How much longer to fix the 737 Max

Discussion in 'Flight Following' started by brien23, Apr 13, 2019.

  1. AGLyme

    AGLyme Pre-takeoff checklist

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    It will be different in a good way re Quality. The FAA, other Cert authorities around the globe, the Airlines and the Military are no longer doing business as usual with respect to inspections, certifications, and product acceptance.
    Boeing is in shock that the Max is still grounded. The execs are more in shock the FAA is in their plant dictating what can be sold and what needs more work to make it right.

    Just in time too. The Chinese and Russians will be building airliners soon and competing directly with Boeing and Airbus. That competitive dynamic will keep the Quality up and the short-cut-creep to a minimum.
     
  2. Half Fast

    Half Fast En-Route

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    Probably wouldn't have been a successful sales technique. Poor business decisions had put them into a weak competitive posture.
     
  3. denverpilot

    denverpilot Tied Down

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    As reported elsewhere and not checked...

    $39M in stock options and an $11M pension.

    Not bad for getting fired.
     
  4. Half Fast

    Half Fast En-Route

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    And the souls of 346 people to haunt him. I hope the millions prove little comfort.
     
  5. Checkout_my_Six

    Checkout_my_Six Touchdown! Greaser!

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    should have never let Boeing buy Douglas.....the du-opoly thingy caused this.
     
  6. denverpilot

    denverpilot Tied Down

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    Be interesting to know if he cares late at night or if he feels the peasants just flew it wrong.

    Highly likely he didn’t know what MCAS even was when this all started.
     
  7. Bell206

    Bell206 Pattern Altitude

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    But I think only in select markets. Without being part of any western bi-lateral agreements, getting their new aircraft certified in the US, Canada, UK, etc. will make the MAX re-cert debacle look like child's play. The Russians tried with their Mil helicopters to meet western certification standards but could never reach that bar on a large scale. So it will be interesting to see how much of a competition they will be to Airbus/Boeing on a global scale even though most of the future growth is in their backyards and other subordinate areas like Africa.
     
  8. NoHeat

    NoHeat En-Route

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    Yes, two competitors to the 737:

    Chinese Comac C919. They have a few hundred orders already. Not yet certified.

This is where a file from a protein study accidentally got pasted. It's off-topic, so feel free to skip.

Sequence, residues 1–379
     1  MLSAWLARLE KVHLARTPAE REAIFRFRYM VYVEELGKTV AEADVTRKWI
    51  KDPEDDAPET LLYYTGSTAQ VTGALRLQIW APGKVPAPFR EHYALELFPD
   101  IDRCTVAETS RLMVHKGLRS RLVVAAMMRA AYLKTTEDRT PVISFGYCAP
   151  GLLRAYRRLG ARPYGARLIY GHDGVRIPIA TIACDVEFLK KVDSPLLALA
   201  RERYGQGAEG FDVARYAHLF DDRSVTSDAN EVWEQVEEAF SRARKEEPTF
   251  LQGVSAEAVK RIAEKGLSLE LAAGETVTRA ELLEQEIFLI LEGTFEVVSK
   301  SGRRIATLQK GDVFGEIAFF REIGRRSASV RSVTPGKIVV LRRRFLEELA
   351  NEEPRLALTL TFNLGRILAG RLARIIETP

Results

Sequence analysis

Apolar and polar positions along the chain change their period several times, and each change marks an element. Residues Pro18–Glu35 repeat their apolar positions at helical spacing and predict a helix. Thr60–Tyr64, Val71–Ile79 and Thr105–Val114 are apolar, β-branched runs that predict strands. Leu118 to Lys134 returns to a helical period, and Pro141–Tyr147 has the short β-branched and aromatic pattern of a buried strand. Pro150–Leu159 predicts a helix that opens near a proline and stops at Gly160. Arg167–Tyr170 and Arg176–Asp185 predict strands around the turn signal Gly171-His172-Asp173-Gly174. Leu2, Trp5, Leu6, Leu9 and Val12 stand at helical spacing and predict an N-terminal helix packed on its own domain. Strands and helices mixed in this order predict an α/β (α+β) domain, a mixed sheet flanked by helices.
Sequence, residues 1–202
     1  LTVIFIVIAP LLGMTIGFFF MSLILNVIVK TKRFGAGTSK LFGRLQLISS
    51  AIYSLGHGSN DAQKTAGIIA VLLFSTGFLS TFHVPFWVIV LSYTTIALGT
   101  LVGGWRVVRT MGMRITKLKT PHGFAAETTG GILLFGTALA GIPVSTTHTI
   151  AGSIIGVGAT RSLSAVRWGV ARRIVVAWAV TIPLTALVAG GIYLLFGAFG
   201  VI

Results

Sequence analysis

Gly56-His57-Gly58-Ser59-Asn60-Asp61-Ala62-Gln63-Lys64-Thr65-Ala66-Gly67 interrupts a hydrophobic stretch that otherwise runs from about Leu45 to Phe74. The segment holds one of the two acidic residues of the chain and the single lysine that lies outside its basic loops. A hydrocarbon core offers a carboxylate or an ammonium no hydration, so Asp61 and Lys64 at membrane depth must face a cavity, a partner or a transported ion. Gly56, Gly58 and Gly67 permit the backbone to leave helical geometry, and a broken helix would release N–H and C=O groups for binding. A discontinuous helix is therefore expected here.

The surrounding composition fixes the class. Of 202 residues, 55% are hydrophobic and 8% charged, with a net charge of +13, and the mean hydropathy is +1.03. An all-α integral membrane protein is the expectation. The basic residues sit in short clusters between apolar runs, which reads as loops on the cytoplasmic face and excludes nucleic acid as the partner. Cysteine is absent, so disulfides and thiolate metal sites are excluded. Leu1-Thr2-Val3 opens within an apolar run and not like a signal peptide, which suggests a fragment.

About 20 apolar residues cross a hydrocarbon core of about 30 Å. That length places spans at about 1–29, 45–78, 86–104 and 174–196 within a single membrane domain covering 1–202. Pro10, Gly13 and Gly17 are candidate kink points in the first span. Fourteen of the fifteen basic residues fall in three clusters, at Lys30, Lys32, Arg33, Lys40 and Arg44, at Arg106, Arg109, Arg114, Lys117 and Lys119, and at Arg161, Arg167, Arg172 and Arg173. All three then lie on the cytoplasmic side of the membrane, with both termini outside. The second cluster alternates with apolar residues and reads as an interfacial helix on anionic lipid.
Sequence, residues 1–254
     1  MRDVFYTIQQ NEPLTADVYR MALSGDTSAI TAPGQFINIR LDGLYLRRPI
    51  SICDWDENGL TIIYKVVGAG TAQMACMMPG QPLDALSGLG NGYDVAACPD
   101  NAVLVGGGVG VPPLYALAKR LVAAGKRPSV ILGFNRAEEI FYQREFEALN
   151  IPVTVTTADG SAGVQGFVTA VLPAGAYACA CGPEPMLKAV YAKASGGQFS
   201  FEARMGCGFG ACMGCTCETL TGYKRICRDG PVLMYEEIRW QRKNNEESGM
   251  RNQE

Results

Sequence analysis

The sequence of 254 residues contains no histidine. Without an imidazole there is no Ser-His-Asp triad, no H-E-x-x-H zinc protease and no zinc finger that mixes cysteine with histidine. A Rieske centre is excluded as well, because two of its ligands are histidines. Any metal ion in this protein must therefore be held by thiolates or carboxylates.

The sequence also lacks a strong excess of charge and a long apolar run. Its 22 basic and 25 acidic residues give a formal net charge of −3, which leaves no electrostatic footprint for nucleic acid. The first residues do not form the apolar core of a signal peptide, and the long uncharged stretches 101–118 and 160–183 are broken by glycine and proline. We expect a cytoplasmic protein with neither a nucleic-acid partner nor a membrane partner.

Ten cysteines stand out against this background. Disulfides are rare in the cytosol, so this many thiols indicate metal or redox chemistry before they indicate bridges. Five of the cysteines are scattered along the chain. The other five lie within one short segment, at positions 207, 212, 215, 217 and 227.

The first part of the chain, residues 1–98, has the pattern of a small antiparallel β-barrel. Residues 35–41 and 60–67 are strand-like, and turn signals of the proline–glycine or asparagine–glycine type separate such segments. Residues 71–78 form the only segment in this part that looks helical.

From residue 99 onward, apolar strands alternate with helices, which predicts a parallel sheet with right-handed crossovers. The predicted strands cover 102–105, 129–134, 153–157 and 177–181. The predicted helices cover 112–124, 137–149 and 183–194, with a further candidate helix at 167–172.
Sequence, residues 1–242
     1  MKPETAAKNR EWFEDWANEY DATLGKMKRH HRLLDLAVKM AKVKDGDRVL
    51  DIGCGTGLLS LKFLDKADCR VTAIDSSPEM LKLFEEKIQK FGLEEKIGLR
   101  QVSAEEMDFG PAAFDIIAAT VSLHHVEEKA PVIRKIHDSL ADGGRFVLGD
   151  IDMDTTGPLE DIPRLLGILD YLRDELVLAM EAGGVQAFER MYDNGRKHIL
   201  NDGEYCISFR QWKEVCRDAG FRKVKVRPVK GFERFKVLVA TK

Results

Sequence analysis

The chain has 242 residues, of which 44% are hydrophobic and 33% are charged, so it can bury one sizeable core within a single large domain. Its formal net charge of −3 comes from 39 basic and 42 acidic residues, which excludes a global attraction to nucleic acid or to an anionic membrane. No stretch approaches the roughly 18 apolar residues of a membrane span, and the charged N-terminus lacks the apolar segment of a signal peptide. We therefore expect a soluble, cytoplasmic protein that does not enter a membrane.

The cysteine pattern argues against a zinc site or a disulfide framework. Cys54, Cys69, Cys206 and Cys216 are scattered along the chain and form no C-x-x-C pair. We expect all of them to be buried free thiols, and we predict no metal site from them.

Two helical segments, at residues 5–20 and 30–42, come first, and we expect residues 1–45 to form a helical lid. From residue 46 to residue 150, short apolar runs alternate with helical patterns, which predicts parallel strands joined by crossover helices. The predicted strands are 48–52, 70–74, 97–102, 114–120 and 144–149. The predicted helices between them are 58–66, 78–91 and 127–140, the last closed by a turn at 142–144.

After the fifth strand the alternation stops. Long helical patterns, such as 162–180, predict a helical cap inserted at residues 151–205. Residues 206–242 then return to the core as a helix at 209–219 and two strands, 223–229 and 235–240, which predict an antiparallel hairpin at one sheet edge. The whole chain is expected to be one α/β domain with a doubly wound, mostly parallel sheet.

https://en.wikipedia.org/wiki/Comac_C919

    Russian Tupolov Tu-204, since about 1994. Tupolov has been making other airliners long time before that - I flew on an older model when visiting the Soviet Union about 1990. Fast and noisy. Nowhere near as nice as an Airbus 320, which I flew on a few days later.
    https://en.wikipedia.org/wiki/Tupolev_Tu-204
     
    Last edited: Dec 24, 2019
  9. brien23

    brien23 Cleared for Takeoff

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    The Chinese do have people that know what they are doing, those that don't lets just say they do not get a severance pay like Boeing gives. At half the price of a 737 Max the Chinese Comac C919 will be a player in the world market and I would not sell them short for approval in the U.S.
     
    Last edited: Dec 24, 2019
  10. Checkout_my_Six

    Checkout_my_Six Touchdown! Greaser!

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    Neither of those are recognized by EASA, ICAO or the JAA. So, they really are not that much of a competitor.
     
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  11. AGLyme

    AGLyme Pre-takeoff checklist

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    Talking long term here... I was a kid in the 70’s when the Japanese car companies major-league disrupted a beautiful oligopoly here in the USA. Profits were high, Service was bad, quality was terrible, gas mileage worse. It took 10 years or so, but the Japanese car companies changed forever the quality of everyday driving.
    The Chinese and Russians will build competitors to Boeing and Airbus and make an equally as good mousetrap with far lower cost. They don’t have the huge legacy pension and union costs that the western monsters have. And both countries will and can successfully reverse engineer without apology.
    Finally, The big airline markets are in Asia and the Middle East and not just North America and Europe any more.
    I wouldn’t bet against them for a 2030 rollout of an equivalent 777 / A330.
     
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  12. Bell206

    Bell206 Pattern Altitude

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    FYI: the problem with Chinese and Russian built aircraft is that they don't have the "birth to death" regulatory system. Without that, they will never enter the western market or approval. I don't have knowledge on the fixed wing side, but was involved on the helicopter side for a number of years. When you talk ADs, Airworthiness Limitations, etc. the Russian/Chinese regulatory systems lag way behind the FAA, TCCA, UK CAA, LBA, etc. So it's not only about the costs of production. There is a reason quite a few countries buy Boeing/Airbus to fly international routes. The Russian Antonov company is one of the few that can, but they mainly specialize in large cargo ops vs carrying pax which operate under a different set of approvals.